Adrenaline bursts through my veins setting fire to my heart as I hit the first sketchy rock roller on my favorite trail. I hold my breath as my stomach is catapulted into my throat causing me to question my sanity while the knobby tires grip the decomposed granite for dear life. Yet, in that chaotic moment, I feel most alive.
I got my first bike in 2018 and my love for the sport grew quickly. I was riding daily and setting insane goals while hitting features many of my friends would shy away from. When I became pregnant with my first baby my sense of self was threatened, and I wondered how I would continue to feel like me.
I continued to ride throughout my pregnancy not letting the judgmental stares and unsolicited advice from strangers deter me. I assumed after having my baby, I would be right back on the bike, ripping the trails and hitting gnarly features like nothing happened. Boy was I wrong.
Crippled by postpartum depression and anxiety, I fought every day to just stay afloat, to remember who I was. I didn’t know how to navigate these new struggles. Fluctuating hormones triggered self-doubt in all aspects of my life and the things that made me feel like me, took a backseat. I felt like a failure.
I tuned into social media and watched pros like Sonya Looney and Laura King have babies, breastfeed, and get right back on the bike without any self-doubt or roadblocks along the way. Their bodies snapped back while I stared in the mirror at a body I didn’t recognize. Sadly, I assumed there was something wrong with ME.
Comparison is the thief of joy -Theodore Roosevelt
Watching highlight reels of the women I admired had me thinking- ‘They probably ARE struggling with self-image and motivation’. Rationally, I could grasp the fact that most of the time, we don’t get to see the raw, unedited version of others’ struggles.
Yet, I couldn’t stop comparing myself to others. This vicious cycle of self-doubt and comparison only made my depression and anxiety worse.
Every postpartum journey is different. Society has put so much pressure on women to “bounce” back after giving birth. There’s this perception that we should be able to get back to ourselves both mentally and physically, but that just isn’t reality.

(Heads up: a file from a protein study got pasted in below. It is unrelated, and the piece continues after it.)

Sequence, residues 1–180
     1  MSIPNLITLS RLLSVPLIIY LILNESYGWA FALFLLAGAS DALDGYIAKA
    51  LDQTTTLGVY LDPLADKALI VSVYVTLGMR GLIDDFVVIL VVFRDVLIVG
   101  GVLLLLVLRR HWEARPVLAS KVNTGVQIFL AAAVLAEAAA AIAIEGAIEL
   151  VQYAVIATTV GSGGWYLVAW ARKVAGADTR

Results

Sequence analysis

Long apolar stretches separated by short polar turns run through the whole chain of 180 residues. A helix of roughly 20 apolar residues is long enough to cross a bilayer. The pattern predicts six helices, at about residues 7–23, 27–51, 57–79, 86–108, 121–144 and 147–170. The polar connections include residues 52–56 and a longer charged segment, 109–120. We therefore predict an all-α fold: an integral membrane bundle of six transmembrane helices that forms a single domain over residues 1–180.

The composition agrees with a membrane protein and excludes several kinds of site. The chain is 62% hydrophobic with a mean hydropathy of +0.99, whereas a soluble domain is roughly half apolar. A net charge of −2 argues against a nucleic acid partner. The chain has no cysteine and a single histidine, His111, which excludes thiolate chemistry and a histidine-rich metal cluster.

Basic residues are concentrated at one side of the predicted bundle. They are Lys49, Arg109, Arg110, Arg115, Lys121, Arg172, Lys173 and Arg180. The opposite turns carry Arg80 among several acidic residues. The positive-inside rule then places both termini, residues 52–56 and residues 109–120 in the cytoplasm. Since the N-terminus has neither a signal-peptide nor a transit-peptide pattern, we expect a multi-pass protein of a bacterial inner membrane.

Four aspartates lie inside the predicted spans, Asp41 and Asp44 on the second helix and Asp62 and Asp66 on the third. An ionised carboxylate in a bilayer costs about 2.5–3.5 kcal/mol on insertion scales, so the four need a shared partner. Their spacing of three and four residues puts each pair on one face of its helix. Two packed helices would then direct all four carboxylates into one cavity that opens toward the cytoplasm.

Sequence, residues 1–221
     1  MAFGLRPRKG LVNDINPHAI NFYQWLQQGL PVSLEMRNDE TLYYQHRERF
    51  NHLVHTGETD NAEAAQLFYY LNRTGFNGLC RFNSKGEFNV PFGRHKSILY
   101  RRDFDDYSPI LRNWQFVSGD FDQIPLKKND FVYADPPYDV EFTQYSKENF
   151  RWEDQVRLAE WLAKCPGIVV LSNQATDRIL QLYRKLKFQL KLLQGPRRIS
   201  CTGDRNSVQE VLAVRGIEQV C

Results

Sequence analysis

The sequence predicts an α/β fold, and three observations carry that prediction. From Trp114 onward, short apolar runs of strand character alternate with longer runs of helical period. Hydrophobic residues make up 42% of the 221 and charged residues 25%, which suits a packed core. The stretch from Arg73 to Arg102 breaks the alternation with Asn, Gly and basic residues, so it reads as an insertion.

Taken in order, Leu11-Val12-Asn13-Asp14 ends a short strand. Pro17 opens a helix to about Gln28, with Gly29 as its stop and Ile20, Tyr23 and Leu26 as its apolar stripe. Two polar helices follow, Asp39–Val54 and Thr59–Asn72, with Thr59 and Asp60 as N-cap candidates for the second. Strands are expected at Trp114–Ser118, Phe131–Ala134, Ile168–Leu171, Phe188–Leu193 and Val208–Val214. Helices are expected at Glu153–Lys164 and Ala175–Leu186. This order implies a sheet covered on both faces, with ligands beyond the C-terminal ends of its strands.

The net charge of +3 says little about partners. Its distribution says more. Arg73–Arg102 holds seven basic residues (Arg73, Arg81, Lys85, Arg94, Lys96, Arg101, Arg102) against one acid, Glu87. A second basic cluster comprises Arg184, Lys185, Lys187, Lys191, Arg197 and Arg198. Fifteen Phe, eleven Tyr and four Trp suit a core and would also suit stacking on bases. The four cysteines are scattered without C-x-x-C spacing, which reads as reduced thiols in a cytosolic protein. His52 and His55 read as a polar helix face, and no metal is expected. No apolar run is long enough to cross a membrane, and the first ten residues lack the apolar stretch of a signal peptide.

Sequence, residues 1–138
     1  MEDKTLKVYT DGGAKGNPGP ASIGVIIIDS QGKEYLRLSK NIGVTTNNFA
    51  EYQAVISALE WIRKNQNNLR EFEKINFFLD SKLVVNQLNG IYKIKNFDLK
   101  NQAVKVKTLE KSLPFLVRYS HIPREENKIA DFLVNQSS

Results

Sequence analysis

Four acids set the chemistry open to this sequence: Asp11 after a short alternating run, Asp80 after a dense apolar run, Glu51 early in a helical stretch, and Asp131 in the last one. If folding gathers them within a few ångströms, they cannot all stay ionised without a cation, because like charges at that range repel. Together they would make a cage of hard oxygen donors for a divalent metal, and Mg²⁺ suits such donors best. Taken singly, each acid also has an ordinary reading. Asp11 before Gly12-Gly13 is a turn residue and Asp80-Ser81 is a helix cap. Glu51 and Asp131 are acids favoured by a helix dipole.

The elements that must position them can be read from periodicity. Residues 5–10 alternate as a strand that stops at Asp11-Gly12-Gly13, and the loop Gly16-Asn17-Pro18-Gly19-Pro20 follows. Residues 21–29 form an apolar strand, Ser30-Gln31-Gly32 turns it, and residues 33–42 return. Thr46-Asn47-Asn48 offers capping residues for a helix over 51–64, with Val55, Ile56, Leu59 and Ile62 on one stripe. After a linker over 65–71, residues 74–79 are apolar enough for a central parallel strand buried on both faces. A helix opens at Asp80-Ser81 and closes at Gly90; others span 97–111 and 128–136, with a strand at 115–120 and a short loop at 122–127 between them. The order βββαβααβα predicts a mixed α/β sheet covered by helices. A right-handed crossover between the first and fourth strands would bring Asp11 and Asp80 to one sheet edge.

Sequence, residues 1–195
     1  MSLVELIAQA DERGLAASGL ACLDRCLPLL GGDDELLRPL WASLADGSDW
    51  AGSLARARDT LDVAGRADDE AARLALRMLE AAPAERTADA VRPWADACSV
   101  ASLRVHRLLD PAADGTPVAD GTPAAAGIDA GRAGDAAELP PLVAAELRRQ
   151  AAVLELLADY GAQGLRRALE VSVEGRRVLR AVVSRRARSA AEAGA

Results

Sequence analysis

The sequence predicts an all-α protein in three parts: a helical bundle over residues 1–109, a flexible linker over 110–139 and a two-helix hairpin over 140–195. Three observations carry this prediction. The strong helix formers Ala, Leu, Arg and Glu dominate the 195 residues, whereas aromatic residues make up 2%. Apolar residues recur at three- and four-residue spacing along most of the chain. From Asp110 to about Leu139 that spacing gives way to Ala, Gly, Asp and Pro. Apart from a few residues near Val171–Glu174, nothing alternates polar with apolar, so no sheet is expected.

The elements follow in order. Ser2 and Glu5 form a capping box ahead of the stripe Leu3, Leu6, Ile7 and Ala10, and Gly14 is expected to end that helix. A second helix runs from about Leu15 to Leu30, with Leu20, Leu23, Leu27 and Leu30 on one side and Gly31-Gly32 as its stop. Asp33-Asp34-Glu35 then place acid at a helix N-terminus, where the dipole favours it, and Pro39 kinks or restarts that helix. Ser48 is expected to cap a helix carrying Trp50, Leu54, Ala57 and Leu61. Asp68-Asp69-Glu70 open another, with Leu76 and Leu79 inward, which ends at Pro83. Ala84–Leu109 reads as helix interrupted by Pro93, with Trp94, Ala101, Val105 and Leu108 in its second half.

Your life is flipped upside down when you have a baby and now your priorities change. You’re not just responsible for your own life, now you’re responsible for your child.
It took me a long time to get above water. Trudging through postpartum depression and breastfeeding was REALLY difficult. With time, I was able to find a new, more fulfilled version of myself while being a mom.
Give yourself some grace
That’s right, give yourself grace. Having a baby is one of the most strenuous and beautiful things our bodies can do. It is by no means easy.
Whether you deliver unmedicated or medicated, in water or by cesarean section, our bodies go through so much stress and trauma. This trauma is usually internalized because society teaches us that the act of birth is something natural, so why would it be traumatizing?
What society fails to mention is the flood of hormones and changes that take over in such a short period of time. Be kind to yourself and ask for help. Take the time you need to recover.
There is no need to “bounce” back. Jumping back on the bike too quickly can actually do more harm than good.
When I was 3-months postpartum I went on a ride with a few of my girlfriends. I was so excited to finally see them, yet I felt an immense amount of guilt from being away from my baby. The trail we were riding was super gnarly, made up of 3 miles of chunky, technical downhill. I was crippled by anxiety the entire time and couldn’t focus on the trail.
All I wanted to do was cry but I feared being judged by my friends. I didn’t want them to think I was weak. I wanted them to remember the strong, confident friend they always rode with.
Trying to tackle that gnarly trail was something I wasn’t ready for. All it did was make me scared of features I once demolished.
There is no shame in taking time. Get to learn about this new person you’ve become and enjoy the baby snuggles. The bike will be there when you get ready.
How do I know if I’m ready?
Every birth experience is different. If you had an easy delivery without any perineal/urethral tearing, then you might be ready to get back on the saddle right away.
If you had any tearing, it might take longer for you to feel comfortable. Maybe you had an elective c-section or had to have one because of fetal distress, either way, only you know your body.
Waiting until your body is ready is essential. It’s normal to wait 6-10 weeks before resuming any sort of physical activity, but some women get back just days after having their baby.
Others may take a few months before they become physically active again. Regardless of when you get back on the saddle, the best advice I can offer is not to compare your journey to others. Just because your friend was back on the bike a week after having a baby doesn’t mean you need to be.
Ready to ride
The first time back on your bike might be intimidating. Your body has changed, and things might feel a little different. You’re regaining your balance and composure on the bike, and that’s totally normal.